Patrick Smith, owner of Smith's Grocery on West Beirut's Sadat Street, said he has lost 75 percent of his clientele. "I still have the same selection, I go out of my way because I want to maintain a certain standard. But the proportions have now shifted drastically from luxury items to basic and staple foods. This is what people here are buying most," said Smith, born to an Armenian mother and a British father.

"I have a store in London, Al Wadi Al Akhdar, in Marble Arch. But I still want to keep this place. I spend a week a month in the U.K. and I can't wait to get back each time. Here you have problems and there you have other problems. They are just different ones."

The problems Smith has had to deal with here are of a security nature. His store has been blown up at least four times since 1975. Shoplifting and excesses by militiamen have pushed the owner to hire six gunmen to guard his grocery.

"Monthly they cost me 2,800 Lebanese pounds apiece, in addition to cigarettes, coffee, extras and liabilities to third parties -- people they get into fights with," Smith said shrugging. "They are a necessary evil and I am determined to keep this shop."

"My work, my family, my workers, my wife and children are here," Smith said. "I also enjoy my boat. I am not bored here. It is a very full life. By the time I get to the store, solve the latest security or personnel problem, get around power cuts, fuel shortages and fit a bit of water-skiing into a war situation -- I am exhausted at the end of the day and I don't need to go out."

Ramez Abu Haidar, 32, who runs the Astra Insurance Co. said he never goes out at night or to restaurants. "I have learned to live with a divided city and a restricted universe."

The universe of Lebanese confined to the limited orbit of work and home in West Beirut has recently centered on the World Cup soccer games in Mexico. As shells, mortars and rockets crashed a mile away in Tariq Jedideh in the latest fighting among Moslems last week, Lebanese viewers were glued to their television sets, cheering and booing with each goal and foul of their chosen team. Militiamen on duty at the corniche by the sea hooked small television sets to the batteries of their cars, forgetting the immediacy of war around them and joining the rest of the world for a good game of soccer.

Mundane worries going beyond factional fighting and the agonizing choice of emigration have also focused on imported goods that could have been affected by radiation from the nuclear accident at Chernobyl. Butchers in Christian east Beirut have closed down and housewives are sticking to fish and chicken.

In the western, Moslem half of the capital, where Islamic butchers have turned almost every street corner into a smelly slaughterhouse, ritually skinning and dissecting locally grown beef and lamb on the pavement, meat is not much of a problem. The more cautious consumers here, however, fearful that the lamb coming from Turkey could be affected, are also concentrating on menus of vegetables and poultry.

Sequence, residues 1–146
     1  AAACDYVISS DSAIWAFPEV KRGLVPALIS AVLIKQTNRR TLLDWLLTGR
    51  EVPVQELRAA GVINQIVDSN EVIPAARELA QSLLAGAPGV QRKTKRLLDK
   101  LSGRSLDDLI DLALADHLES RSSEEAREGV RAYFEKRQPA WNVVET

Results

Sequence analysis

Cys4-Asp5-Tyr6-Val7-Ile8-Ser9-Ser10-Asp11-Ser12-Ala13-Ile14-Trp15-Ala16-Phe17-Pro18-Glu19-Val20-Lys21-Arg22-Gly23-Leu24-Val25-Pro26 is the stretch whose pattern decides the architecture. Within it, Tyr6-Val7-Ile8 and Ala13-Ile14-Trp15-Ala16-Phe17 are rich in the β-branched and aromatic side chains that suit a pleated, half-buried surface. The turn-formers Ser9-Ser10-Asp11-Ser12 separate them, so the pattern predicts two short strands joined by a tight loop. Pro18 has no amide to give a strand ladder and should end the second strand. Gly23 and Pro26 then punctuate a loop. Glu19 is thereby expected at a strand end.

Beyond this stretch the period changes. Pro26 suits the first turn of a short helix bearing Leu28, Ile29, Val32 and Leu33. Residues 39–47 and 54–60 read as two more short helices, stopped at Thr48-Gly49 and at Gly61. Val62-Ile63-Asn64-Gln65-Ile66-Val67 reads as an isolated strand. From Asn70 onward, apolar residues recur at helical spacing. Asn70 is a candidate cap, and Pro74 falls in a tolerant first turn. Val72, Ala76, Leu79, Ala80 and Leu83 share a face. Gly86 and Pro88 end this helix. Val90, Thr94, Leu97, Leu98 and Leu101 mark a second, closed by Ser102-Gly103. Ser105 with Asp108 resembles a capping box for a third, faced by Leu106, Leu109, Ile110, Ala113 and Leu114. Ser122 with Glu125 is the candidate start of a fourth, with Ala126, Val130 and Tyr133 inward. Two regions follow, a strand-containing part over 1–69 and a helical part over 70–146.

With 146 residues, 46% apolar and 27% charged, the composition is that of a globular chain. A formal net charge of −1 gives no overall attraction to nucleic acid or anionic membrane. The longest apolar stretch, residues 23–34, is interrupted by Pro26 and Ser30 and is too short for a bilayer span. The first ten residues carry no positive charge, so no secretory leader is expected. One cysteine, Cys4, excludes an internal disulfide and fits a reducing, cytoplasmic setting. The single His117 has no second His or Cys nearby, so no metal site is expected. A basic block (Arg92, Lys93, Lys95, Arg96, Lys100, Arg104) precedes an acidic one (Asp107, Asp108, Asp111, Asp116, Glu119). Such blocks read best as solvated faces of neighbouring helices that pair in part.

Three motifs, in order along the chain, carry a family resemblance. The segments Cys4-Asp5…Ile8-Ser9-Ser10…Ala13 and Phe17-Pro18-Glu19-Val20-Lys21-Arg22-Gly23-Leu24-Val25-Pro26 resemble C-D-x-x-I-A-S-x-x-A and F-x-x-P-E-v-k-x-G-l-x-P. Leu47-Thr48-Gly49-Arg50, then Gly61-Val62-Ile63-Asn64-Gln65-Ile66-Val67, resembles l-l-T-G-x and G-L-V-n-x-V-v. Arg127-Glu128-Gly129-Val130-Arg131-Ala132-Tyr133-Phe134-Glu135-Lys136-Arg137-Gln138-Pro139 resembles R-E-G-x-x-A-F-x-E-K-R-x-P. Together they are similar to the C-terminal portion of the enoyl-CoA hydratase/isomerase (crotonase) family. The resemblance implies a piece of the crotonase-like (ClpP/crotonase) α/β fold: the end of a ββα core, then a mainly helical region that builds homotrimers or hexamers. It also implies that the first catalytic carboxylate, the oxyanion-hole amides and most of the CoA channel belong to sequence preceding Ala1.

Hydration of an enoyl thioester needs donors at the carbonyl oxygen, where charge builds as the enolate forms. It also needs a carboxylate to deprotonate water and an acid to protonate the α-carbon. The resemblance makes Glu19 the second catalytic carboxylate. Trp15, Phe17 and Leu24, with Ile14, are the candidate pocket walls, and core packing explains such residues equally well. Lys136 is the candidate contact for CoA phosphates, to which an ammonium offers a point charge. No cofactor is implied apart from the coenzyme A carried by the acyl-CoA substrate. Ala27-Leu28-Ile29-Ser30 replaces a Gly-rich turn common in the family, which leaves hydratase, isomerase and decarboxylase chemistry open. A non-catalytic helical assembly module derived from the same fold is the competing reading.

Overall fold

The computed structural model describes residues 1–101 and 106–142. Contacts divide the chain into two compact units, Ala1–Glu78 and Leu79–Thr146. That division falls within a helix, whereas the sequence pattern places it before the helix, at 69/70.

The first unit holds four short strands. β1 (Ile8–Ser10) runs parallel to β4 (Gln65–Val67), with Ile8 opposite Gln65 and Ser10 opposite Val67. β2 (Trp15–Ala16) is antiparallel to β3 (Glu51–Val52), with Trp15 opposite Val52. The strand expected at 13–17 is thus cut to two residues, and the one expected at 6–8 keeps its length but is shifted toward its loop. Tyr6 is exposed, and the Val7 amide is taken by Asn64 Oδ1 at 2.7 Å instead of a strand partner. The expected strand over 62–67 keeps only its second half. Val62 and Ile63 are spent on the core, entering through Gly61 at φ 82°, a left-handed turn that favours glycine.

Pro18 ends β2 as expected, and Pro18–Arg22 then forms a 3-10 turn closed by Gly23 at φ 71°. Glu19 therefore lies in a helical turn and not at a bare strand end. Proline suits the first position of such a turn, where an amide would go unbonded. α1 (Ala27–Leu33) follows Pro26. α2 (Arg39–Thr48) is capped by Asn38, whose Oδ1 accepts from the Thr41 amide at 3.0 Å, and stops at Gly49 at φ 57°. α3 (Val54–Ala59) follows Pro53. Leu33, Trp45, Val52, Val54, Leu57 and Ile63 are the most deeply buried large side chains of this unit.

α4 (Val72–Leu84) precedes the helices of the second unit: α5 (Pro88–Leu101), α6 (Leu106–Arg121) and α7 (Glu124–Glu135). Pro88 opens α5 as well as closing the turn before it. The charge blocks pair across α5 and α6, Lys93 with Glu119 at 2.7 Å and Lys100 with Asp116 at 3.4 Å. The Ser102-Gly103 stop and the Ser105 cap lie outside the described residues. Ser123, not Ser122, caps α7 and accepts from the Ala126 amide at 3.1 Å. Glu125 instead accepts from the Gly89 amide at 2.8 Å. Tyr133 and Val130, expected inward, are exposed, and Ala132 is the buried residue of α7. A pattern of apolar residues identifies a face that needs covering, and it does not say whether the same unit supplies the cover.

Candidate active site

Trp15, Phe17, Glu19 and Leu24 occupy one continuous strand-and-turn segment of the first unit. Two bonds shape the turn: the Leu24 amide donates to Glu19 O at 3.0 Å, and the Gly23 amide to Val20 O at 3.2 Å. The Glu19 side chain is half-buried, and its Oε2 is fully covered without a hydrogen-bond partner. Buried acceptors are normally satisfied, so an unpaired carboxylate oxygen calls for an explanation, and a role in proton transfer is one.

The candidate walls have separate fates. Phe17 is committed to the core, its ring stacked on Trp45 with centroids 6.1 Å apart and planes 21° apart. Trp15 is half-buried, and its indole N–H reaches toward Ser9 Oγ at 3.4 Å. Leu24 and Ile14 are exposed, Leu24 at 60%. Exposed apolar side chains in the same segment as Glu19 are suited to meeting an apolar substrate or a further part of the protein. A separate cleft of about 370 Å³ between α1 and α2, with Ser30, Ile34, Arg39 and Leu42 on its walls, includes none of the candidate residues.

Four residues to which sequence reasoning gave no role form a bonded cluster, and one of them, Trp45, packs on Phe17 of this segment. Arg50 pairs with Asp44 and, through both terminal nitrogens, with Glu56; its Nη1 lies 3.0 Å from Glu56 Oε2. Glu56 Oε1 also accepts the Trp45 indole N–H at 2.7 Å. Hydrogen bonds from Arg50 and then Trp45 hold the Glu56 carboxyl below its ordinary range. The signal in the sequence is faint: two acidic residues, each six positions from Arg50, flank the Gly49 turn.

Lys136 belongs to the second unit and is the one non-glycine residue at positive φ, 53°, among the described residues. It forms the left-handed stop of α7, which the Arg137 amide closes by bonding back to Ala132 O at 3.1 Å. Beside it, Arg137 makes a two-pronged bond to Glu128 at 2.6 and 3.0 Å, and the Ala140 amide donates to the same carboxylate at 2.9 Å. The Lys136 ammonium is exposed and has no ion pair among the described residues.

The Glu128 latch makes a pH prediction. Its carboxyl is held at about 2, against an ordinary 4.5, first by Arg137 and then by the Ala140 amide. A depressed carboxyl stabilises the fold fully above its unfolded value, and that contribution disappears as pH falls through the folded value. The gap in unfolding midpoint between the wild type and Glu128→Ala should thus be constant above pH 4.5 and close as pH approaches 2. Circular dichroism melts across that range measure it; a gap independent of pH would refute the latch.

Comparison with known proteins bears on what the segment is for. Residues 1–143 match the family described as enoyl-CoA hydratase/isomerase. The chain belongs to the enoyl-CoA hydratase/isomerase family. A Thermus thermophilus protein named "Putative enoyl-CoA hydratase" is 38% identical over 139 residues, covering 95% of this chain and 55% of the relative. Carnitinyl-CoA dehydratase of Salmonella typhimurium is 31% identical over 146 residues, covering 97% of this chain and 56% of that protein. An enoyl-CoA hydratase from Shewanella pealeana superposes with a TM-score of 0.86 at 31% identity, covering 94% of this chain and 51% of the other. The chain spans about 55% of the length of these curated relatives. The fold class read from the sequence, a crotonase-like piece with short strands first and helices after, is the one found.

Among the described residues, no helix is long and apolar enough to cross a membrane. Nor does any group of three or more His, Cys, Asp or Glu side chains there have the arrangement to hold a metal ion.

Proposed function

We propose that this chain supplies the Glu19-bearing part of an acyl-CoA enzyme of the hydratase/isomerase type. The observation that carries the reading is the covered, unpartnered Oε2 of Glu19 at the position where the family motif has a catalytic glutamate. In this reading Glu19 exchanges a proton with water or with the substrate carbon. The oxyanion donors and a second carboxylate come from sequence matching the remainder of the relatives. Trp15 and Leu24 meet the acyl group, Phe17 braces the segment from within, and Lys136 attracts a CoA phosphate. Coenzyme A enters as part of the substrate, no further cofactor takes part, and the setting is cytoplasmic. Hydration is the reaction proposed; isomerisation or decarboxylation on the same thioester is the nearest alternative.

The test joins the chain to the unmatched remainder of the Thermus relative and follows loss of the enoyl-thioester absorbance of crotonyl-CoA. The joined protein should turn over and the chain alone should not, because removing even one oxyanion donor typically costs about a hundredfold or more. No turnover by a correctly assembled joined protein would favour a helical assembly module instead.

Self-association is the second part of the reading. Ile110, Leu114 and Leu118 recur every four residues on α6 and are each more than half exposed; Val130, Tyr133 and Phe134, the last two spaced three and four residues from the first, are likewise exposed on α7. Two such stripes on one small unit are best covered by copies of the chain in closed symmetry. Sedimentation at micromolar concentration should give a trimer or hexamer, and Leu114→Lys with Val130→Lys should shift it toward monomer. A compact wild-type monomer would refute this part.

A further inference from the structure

A gasoline crisis, brought on by the central bank's refusal to make funds available to the Finance Ministry in order to curb government spending and costly subsidies, has virtually paralyzed west Beirut, where the price of gas has shot up from a subsidized price of about 45 cents to $2 a gallon on the black market. In the more orderly eastern half of Beirut, the price has been fixed at about 60 cents a gallon.

The economic situation is foremost on people's minds. A West German banker, Willi Rellecke, one of the most loyal of west Beirut's residents, commented that after 11 years of war funded by other regional powers, the Lebanese were "now beginning to pay for the war out of their own pocket."

Economic conditions have driven many beyond despair.

Four acquaintances -- an Armenian jeweler, a money changer, and two businessmen, a Christian and a Sunni Moslem -- have been kidnaped since last month and ransom money ranging from 6 million to 10 million pounds is being demanded for the release of each. Beirut was cut off from the rest of the world recently because gunmen cut the communications cables, to sell the metal in them.

Campaigns to rid west Beirut of Christians, Armenian artisans and shop owners seem to be working. The Beirut Express moving company is moving four Christian families a day from west to east Beirut and other families are shipping their carpets, antiques and silverware abroad to Europe, the United States and the Persian Gulf, said Jack Salameh, who works for the moving company.

One theory is that the Christian militia leadership is pressuring Christians and Armenians to leave the Moslem-controlled west in order to impoverish it and destroy its traditional role as the city's favored business center.

Another theory is that the Shiites were not pleased with the backing given by some Armenian deputies and politicians to a Christian peace plan for Lebanon. The plan was delivered to Shiite leader Nabih Berri by an Armenian legislator.

A Maronite Christian from a prominent Lebanese family has finally made the decision to quit Lebanon and work elsewhere, with this explanation:

"I am sad to leave, but I can't work here anymore. I feel I am unwanted. I know I am a target because of my family. I know I will suffer and miss Lebanon. But I still don't know what is worse, living in exile at home or in exile abroad."